Rachel Halvorson launched her design business at the most inopportune time in recent history—at least, that’s how it would seem to the outside eye. But Halvorson saw something different.
Newly graduated from an interior design program at the University of Georgia, she had only been in Nashville a few years, first working at a home retail store, then a local design firm, both as ways to break into the industry, when the 2008 recession delivered a major blow to business. By the following year, Halvorson’s employer had cut her schedule back to four days a week.
Sensing a silver lining, Halvorson decided to focus her suddenly open schedule on the start of something new and began taking on small projects of her own during the free workday she now had each week. For the budding designer, it was perfect timing: “Nashville was changing so much—there was a big shift in people not wanting to use their mom’s decorators,” Halvorson tells host Kaitlin Petersen on the latest episode of the Trade Tales podcast. “They were like, ‘We need somebody fresh, somebody new.’”
It wasn’t long before Halvorson’s bet on the evolving design climate in Nashville paid off, allowing her to leave her job in order to focus full-time on launching her own firm. When project leads began to slow down in 2010, she simply got creative again. This time, that meant reaching out to a former customer—country music star Ronnie Dunn from her very first retail job. Back then, she recalled, he had been in the middle of a big renovation. “I was like, ‘Hey, do you still need help with your barn? Because I’m solo now,’” says Halvorson. “And he was like, ‘Hell, yeah, where have you been?’”
Halvorson’s career grew quickly after that, and one of those early projects soon landed her on the cover of Garden & Gun magazine. As new inquiries flooded in, she continued to make creative work and client relationships the key focuses of her firm. Pretty soon, however, it became clear that those factors alone, without sound business practices to support them, weren’t enough to keep her accelerating project pipeline on track.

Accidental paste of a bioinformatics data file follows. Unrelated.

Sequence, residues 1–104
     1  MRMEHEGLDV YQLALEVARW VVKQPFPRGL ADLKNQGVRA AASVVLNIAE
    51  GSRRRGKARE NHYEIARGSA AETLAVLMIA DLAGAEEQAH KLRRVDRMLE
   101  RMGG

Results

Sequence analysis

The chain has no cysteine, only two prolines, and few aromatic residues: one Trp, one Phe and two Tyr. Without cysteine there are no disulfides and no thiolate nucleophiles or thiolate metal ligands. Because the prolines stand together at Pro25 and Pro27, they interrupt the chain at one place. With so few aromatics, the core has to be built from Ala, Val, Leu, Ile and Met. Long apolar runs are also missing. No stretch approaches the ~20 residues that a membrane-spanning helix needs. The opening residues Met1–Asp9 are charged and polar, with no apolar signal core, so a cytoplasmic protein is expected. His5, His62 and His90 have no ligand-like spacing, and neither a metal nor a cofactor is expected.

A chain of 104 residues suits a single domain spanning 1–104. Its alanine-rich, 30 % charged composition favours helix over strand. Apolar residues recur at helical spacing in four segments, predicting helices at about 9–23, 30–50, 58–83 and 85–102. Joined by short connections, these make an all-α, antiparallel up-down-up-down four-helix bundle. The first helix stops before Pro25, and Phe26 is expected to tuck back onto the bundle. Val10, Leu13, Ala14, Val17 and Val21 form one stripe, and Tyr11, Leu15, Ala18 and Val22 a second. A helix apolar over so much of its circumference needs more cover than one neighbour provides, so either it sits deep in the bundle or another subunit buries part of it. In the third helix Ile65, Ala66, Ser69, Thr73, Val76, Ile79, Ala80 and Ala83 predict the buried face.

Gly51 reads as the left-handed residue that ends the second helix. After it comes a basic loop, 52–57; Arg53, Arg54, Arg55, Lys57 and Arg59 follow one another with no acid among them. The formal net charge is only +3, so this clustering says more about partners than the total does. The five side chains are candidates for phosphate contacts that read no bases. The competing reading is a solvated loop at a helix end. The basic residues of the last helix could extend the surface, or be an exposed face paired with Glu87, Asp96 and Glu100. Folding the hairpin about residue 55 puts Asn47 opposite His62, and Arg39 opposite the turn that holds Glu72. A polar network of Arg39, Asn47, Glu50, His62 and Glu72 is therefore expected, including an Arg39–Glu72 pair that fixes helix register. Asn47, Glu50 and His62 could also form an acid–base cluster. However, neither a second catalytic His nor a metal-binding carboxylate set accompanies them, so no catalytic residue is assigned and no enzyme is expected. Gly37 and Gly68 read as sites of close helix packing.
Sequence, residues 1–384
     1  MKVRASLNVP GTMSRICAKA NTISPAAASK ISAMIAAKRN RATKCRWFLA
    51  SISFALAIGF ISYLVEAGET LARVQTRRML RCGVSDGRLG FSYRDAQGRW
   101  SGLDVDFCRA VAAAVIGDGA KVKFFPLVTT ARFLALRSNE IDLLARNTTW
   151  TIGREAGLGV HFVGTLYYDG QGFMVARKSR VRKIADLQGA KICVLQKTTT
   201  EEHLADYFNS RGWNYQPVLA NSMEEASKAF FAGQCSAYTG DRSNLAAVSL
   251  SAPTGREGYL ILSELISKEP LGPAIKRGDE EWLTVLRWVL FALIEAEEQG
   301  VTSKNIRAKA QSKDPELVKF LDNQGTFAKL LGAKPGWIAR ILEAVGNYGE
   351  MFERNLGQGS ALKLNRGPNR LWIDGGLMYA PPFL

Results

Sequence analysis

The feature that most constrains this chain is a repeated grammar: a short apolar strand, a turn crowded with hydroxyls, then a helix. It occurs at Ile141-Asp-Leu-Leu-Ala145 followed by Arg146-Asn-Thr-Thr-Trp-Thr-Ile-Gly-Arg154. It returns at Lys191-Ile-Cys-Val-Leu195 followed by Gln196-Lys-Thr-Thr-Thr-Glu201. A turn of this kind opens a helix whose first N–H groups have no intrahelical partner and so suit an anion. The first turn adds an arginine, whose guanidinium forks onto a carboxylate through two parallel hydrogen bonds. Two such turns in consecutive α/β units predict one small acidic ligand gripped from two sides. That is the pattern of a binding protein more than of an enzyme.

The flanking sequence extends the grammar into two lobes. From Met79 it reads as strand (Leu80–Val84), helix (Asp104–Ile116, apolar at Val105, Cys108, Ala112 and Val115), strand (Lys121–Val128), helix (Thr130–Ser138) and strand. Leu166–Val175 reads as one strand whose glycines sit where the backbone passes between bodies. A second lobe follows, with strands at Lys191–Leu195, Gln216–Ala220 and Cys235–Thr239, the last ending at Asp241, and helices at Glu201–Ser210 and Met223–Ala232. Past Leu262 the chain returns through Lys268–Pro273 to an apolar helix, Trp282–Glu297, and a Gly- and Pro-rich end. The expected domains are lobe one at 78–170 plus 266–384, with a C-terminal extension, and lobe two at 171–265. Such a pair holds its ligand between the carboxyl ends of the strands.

To address the structural weaknesses, she started with administrative hires who could help clear out the “homework” left over at the end of each day. She then turned her attention to next steps, calling upon designers she’d met at High Point Market to help her strategize. Once the right systems were in place, her creative and client-focused work could take priority again.
“I actually had to claim time because people are going to steal it if you don’t,” says Halvorson. “If you don’t intentionally carve out time for yourself every day to be creative, your end product will suffer, you will burn out and then the whole jig is up.”
In this conversation, she shares how she deals with clients who simply don’t have a budget, what project pushed her to hire her own construction team, and why she leaned on community rather than competition to find her place in the industry.
Homepage image: Rachel Halvorson | Courtesy of Rachel Halvorson